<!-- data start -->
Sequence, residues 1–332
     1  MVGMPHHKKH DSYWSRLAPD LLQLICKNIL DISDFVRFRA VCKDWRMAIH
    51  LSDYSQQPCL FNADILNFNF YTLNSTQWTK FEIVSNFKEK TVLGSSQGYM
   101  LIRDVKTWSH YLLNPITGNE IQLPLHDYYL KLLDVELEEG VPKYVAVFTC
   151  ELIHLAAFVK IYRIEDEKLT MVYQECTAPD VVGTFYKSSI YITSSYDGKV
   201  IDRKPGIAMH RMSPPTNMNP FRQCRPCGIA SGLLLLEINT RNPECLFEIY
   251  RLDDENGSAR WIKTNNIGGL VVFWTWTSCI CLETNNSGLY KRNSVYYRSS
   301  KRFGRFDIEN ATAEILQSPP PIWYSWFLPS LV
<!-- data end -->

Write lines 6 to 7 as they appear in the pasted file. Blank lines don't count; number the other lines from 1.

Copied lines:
   201  IDRKPGIAMH RMSPPTNMNP FRQCRPCGIA SGLLLLEINT RNPECLFEIY
   251  RLDDENGSAR WIKTNNIGGL VVFWTWTSCI CLETNNSGLY KRNSVYYRSS